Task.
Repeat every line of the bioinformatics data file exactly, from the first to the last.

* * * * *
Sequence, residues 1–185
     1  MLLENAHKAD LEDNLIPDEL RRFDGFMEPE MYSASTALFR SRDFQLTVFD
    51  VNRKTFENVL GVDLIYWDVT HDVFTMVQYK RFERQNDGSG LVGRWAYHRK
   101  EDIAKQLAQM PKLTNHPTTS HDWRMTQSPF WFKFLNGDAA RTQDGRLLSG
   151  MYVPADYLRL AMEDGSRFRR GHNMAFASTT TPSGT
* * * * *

Sequence, residues 1–185
     1  MLLENAHKAD LEDNLIPDEL RRFDGFMEPE MYSASTALFR SRDFQLTVFD
    51  VNRKTFENVL GVDLIYWDVT HDVFTMVQYK RFERQNDGSG LVGRWAYHRK
   101  EDIAKQLAQM PKLTNHPTTS HDWRMTQSPF WFKFLNGDAA RTQDGRLLSG
   151  MYVPADYLRL AMEDGSRFRR GHNMAFASTT TPSGT